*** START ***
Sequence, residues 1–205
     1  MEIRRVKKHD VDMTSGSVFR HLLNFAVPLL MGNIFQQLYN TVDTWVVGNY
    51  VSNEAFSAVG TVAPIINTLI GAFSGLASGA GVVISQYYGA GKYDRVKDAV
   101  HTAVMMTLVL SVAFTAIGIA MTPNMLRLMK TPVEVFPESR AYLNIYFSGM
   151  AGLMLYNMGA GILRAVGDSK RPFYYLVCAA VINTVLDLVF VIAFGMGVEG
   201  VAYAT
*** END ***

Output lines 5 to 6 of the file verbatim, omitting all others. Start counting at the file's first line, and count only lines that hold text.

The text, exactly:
   151  AGLMLYNMGA GILRAVGDSK RPFYYLVCAA VINTVLDLVF VIAFGMGVEG
   201  VAYAT